Let Them Eat Cake
By Rosemarie Jackowski
Marie Antoinette lives. She is alive and well in Vermont. The Vermont House has voted to place a sales tax on dietary supplements and vitamins. The March 25, 2010 vote came in at 92 to 49.
Ironically, at the same time, in Washington politicians were promising ‘preventive care’. Seems to be a failure to communicate?
In recent years, the medical community has finally, in a better- late- than- never move, recommended increased dosages of vitamin D. For decades anyone could track the higher rates of MS, breast cancer, colon cancer, osteoporosis, and other diseases in areas of the northern US where there is less exposure to sunlight. There are some fascinating theories that explain the disease-resistance of the Inuit people who inhabit the far northern regions of the globe. One theory states that what they lack in sun exposure they make up with ample doses of vitamin D in their diet which consists mainly of fatty fish. The value of sun exposure and the resultant vitamin D have been well documented. Now, will vitamin D be taxed in Vermont? Should sitting in the sun also be taxed?Vitamin D is one of the least expensive supplements. It is widely available without a prescription. High doses of vitamin D are available by prescription. Will they be taxed? On the other hand CoQ 10 is a bit more costly. It is also known to have important health benefits. Paying a tax on it could prove to be a hardship for many. CoQ 10 has been one of the leading heart meds used in Japan since 1974. It is sometimes an effective treatment for AMD, Alzheimer’s, angina, some cancers, heart failure, low sperm count, Parkinson’s, AIDS, tinnitus, psychiatric disorders, and many other illnesses. CoQ 10 is not a magic bullet, but it is an important supplement. It should be available tax-free for those who chose to take it.
What about fish oil capsules, and for vegans flaxseed oil capsules? Are they a supplement, or are they a food? Will they be taxed? If flaxseed oil is taxed, should there be a tax on olive oil. Will the criteria be, tax it if it is in a capsule – but leave it untaxed if it is floating free in a bottle? Cod liver oil is available in capsule form and is also available floating free in bottle form. Here we have a conundrum.
What about red wine supplements? Will taxing Resveratrol encourage people to drink Cabernet Sauvignon instead of taking a pill? That could be fun, but will each household then be required to have a designated driver?
And what about green tea tablets? If in pill form, tax it. If in tiny bags the tea would be tax-free. Seems a bit arbitrary.
Here’s another one – turmeric. If purchased from the spice isle of the grocery store, it would be tax-free. If purchased from the supplement isle, it would be taxed.
Pre-natal vitamins, especially the B vitamins, are credited with decreasing the risk of neural tube birth defects. Should pre-natal vitamins be taxed?
For a long time the bagel tax has been controversial. Buy one bagel and it is taxed. Buy a dozen bagels and they are tax-free. Is it permissible to buy a dozen – eat one – and then return eleven to avoid the tax?
In other areas, some are calling for a tax on sugary drinks. That could gum up an already overly complicated tax code. Few people can decipher the tax regs on food now. Some food is taxed, or not taxed, depending on the temperature of the food. Tax it if it is hot – no tax if it is cold. This might have made sense in Montpelier, but it victimizes poor families who lack cooking facilities. Not every one has a working stove. If a shopper purchases hot food in a grocery store, he pays the hot-food tax. If, when he gets home, the food has cooled should the tax be refunded? Seems that that would be the fair thing to do.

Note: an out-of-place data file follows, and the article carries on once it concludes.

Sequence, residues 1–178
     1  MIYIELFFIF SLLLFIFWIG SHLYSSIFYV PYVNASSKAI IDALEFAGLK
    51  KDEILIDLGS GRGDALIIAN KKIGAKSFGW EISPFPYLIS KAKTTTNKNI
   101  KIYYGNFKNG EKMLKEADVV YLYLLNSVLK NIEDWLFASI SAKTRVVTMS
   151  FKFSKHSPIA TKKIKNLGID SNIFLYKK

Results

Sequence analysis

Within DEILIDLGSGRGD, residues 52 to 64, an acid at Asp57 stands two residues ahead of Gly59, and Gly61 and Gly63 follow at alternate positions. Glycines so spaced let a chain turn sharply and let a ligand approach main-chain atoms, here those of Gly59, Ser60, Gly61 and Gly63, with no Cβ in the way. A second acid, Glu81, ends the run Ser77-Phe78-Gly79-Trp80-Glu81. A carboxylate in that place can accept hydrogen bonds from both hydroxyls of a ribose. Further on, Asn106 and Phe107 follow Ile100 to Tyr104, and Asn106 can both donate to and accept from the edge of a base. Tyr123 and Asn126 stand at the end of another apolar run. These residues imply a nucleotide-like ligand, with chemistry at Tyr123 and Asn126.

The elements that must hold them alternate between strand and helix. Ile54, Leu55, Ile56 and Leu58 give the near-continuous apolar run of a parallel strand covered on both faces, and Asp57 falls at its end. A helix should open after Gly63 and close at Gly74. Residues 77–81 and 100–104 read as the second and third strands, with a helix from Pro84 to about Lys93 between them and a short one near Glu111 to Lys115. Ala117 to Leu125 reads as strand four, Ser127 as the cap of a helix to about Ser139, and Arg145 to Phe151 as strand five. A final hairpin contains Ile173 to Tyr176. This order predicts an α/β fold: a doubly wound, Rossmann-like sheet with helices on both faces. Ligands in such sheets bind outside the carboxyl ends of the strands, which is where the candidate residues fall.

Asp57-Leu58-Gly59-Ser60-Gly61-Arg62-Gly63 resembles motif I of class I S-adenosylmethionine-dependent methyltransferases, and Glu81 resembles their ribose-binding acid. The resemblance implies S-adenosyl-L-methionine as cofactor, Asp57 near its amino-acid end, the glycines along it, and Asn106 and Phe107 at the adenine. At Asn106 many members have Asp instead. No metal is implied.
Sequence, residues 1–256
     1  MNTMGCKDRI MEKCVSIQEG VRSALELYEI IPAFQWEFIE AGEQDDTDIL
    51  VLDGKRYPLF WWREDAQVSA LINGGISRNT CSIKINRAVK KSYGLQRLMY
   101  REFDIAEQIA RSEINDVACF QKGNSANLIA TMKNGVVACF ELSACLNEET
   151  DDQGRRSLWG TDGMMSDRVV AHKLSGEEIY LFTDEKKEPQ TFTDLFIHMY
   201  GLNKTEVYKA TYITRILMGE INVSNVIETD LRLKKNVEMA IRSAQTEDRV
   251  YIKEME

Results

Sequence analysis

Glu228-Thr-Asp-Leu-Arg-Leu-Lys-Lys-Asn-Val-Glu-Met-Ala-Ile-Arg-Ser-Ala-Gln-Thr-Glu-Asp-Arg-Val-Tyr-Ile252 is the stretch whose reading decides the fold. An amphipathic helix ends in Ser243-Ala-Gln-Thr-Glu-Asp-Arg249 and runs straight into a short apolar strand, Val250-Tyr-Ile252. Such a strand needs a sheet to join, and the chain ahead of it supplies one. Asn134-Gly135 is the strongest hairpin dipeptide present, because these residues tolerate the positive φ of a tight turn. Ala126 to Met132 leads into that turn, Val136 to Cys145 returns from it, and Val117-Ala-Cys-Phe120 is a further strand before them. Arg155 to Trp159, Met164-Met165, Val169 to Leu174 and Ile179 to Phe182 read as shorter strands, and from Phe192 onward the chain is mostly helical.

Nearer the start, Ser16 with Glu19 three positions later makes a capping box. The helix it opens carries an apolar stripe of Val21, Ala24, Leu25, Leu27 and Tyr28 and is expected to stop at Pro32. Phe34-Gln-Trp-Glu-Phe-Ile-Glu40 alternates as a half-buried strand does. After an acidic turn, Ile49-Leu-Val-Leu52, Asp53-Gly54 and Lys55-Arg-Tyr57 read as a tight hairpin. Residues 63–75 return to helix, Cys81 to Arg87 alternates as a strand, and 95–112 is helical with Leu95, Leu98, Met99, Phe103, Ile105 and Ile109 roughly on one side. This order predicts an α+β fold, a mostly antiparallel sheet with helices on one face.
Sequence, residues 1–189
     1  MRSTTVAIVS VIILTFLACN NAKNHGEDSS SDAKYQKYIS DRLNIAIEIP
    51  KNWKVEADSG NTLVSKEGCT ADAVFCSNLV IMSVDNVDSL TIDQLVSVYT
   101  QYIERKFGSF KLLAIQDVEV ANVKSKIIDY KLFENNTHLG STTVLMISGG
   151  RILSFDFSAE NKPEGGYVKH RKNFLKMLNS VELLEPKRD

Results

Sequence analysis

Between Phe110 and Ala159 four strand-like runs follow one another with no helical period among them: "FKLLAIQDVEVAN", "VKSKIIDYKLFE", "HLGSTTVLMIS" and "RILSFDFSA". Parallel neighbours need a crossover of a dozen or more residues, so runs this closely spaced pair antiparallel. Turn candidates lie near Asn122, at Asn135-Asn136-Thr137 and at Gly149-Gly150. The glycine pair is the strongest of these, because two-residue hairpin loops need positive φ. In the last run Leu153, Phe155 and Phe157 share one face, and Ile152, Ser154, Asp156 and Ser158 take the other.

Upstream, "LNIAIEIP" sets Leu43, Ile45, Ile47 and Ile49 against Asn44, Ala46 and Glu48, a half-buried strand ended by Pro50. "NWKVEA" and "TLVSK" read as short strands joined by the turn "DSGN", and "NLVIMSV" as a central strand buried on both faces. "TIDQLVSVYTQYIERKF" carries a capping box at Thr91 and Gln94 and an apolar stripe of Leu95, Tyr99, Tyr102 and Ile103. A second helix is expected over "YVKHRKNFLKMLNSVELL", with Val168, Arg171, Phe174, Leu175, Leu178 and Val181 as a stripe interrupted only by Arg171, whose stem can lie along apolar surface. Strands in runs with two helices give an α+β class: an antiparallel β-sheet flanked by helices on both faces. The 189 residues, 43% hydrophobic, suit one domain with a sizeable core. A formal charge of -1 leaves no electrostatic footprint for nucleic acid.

In the larger scheme of things, all of this might seem trivial. There is increasing homelessness, hunger, war, and a continuing health care crisis, but some things are a matter of principle. A public policy that places a tax on vitamins cannot be morally justified – especially in a state where there is already a crisis in health care. In the southern part of Vermont many have no access to a doctor or dentist. In Bennington, Vermont there is a health care clinic. It is staffed by benevolent volunteers. The problem is that it is open only three hours per week and it does not offer dental or vision care. Dental care would go a long way in assuring health. It should be at the top of the list for preventive care. There is not much recognition of that fact in Washington or in Montpelier.
The federal tax code is not any better than most state codes. Some needed improvements are obvious. Simplify the code. Eliminate most deductions. Make it fair. A progressive tax that starts at 1 % on incomes above $88,000 would be an improvement. The tax could progressively increase to 100% on incomes above $1,000,000. Most important – eliminate the cap on the Social Security tax and include all income, earned and unearned. Make it a progressive tax that is fair to low wage workers.
The worse thing about a tax on vitamins might not be the adverse health effect that will result. The worse thing is that this is a regressive tax – hurting those who can least afford it. Instead of taxing vitamins, vitamins should be given free to all who could benefit from them. This could be paid for by placing a progressive tax on all incomes – earned and unearned – above a certain amount. Maybe $88,000 would be a good place to start the discussion. Seems that that would be the neighborly thing to do. Pay for your neighbor’s vitamins if your income is above $88,000.
Is Marie Antoinette in Vermont? Maybe not, but I can’t wait for Stephen Colbert to do a report on the Vermont tax code – or is Stephen the consultant who has written the tax code?
Rosemarie Jackowski is an advocacy journalist living in Vermont. email@example.com